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Republican Sen. Ron Johnson of Wisconsin was pushing for a tax cut provision in 2017 that benefitted his former plastics company and many others as his family was acquiring properties around the country, a newspaper review of property records revealed.
The tax cut to companies called “pass-throughs” benefitted not only Johnson’s company and big donors, as had been previously reported, but it came as the senator’s family was acquiring luxury properties that could also take advantage of the law, the Milwaukee Journal Sentinel reported Friday.
There is nothing illegal about Johnson or his family members taking the deduction available to limited liability companies and other firms that pass all of their income on to their owners or investors. Companies structured this way, often small, family-owned businesses, are not subject to corporate income tax.
Johnson faces Democratic Lt. Gov. Mandela Barnes in Tuesday’s election, a race that polls have shown to be tight.
Johnson spokesman Ben Voelkel said the senator and his wife have no beneficial interest in the properties, except their Oshkosh home and the Pacur property, the plastics manufacturer Johnson used to own. Voelkel said he did not know how many of the Johnson family companies have trimmed their tax burden by using the deduction contained in then-President Donald Trump’s 2017 tax legislation.
“In the future, when anyone wonders why more good people don’t run for public office, have them study the false attacks and character assassinations used by Democrats and their allies in the media during the 2022 U.S. Senate and governor elections in Wisconsin,” Voelkel said.
The Journal Sentinel reported that Johnson’s three adult children are the beneficiaries of a family trust and are listed as managers of about 10 companies registered with the state Department of Financial Institutions.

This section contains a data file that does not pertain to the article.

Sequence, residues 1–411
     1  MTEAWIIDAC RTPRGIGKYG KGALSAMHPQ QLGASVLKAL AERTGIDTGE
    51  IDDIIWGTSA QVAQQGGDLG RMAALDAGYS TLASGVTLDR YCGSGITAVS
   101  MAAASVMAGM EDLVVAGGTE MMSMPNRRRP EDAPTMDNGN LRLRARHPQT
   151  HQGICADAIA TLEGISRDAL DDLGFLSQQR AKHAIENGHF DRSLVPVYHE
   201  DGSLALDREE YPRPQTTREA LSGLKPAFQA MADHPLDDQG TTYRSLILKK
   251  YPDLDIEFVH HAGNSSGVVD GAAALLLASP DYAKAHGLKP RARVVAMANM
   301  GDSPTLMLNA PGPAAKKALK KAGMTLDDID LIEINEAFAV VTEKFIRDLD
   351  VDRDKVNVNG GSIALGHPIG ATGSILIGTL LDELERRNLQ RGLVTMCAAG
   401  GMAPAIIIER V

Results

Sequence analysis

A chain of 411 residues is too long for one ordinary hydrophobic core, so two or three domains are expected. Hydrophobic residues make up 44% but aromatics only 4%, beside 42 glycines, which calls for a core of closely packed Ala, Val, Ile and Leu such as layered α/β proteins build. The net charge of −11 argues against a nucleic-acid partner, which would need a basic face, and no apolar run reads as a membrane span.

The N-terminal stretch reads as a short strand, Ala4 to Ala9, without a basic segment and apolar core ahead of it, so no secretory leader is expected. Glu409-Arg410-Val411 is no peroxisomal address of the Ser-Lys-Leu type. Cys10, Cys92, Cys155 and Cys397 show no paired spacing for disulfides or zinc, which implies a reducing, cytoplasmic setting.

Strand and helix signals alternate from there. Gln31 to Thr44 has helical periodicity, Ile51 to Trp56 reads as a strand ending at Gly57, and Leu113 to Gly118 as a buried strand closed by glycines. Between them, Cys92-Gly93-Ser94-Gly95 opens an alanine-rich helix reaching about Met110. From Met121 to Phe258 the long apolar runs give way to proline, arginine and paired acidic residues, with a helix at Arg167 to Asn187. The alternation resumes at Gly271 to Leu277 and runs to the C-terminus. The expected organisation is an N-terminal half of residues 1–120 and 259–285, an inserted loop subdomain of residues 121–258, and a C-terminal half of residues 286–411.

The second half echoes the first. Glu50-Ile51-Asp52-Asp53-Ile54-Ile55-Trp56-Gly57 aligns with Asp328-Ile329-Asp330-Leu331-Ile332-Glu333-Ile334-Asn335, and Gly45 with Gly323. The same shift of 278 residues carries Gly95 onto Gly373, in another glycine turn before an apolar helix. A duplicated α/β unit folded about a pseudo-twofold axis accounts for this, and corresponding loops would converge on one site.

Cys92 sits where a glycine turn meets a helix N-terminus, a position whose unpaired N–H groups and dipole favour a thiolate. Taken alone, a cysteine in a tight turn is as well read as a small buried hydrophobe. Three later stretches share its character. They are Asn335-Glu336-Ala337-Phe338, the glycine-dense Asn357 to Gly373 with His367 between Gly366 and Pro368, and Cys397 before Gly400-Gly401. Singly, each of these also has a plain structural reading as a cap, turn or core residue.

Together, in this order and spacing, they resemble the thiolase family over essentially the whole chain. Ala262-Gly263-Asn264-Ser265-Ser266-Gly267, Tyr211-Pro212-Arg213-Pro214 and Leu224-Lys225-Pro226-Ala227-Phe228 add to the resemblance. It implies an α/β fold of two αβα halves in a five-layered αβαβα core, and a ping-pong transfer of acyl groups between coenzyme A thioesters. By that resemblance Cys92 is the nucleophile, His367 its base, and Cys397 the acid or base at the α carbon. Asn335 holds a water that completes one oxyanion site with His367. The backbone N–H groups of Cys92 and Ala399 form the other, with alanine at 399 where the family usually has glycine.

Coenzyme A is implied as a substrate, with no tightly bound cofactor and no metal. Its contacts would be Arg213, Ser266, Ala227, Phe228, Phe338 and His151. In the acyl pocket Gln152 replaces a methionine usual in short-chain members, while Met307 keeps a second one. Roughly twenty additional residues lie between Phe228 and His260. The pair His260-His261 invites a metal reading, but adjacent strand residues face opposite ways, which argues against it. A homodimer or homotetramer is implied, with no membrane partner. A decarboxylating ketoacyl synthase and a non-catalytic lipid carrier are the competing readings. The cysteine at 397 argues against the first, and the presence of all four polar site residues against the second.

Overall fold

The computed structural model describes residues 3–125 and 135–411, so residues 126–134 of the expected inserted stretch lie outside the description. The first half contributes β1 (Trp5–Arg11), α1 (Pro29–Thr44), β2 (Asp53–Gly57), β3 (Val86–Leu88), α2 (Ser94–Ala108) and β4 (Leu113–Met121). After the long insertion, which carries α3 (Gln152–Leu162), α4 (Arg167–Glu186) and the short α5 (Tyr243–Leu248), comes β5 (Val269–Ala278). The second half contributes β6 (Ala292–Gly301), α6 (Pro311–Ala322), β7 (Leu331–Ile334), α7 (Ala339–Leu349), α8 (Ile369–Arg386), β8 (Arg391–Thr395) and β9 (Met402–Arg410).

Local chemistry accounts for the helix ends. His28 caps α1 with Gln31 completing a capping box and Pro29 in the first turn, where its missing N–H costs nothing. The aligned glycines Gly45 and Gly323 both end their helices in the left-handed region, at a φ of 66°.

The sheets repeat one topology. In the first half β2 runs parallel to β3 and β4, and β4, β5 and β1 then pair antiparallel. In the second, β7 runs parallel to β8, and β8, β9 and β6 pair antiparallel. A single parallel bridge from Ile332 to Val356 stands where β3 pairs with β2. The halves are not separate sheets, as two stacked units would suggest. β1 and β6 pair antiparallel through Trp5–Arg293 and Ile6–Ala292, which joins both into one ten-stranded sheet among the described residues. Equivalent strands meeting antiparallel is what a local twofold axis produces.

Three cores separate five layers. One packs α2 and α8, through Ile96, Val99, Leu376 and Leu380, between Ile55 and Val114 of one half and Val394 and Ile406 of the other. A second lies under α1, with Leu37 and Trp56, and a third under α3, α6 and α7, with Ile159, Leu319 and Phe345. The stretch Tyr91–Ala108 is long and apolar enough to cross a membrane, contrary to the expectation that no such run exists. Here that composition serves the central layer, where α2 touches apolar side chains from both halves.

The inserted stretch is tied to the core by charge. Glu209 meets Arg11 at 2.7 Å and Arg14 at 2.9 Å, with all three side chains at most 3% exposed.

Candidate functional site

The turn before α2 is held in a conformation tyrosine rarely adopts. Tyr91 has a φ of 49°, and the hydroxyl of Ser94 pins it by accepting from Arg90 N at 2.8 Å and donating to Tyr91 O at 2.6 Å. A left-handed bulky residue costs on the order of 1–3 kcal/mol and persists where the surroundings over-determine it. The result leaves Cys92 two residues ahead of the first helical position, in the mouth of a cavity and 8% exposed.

Those companies and the family trust own about two dozen properties around the nation with assessed values of $21 million, the newspaper reported.
In 2017, Johnson held up passage of Trump’s tax bill by objecting to the plan’s already generous tax break for pass-through businesses. Originally, the Trump administration proposed allowing business owners to deduct up to 17.4% of their profits. Johnson fought to increase that to 23%. The figure ended up at 20%.
Several studies have found that the tax cut primarily helped the wealthy.
Ross Milton, an assistant professor at La Follette School of Public Affairs at the University of Wisconsin-Madison, said the pass-through provision is “still a hotly debated topic among tax policy people.”
“I think these pass-through provisions have been criticized because much of the benefit of them goes to very high income and/or high wealth households,” Milton said. “And presumably the Johnson family is a high-income household.”
After learning of the Johnson family’s extensive real estate holdings from the Journal Sentinel, Barnes campaign spokesperson Maddy McDaniel said she was not surprised.
“In his 12 years in the U.S. Senate, Ron Johnson’s priority has been delivering tax breaks for himself and his wealthy donors at the expense of working families,” McDaniel said.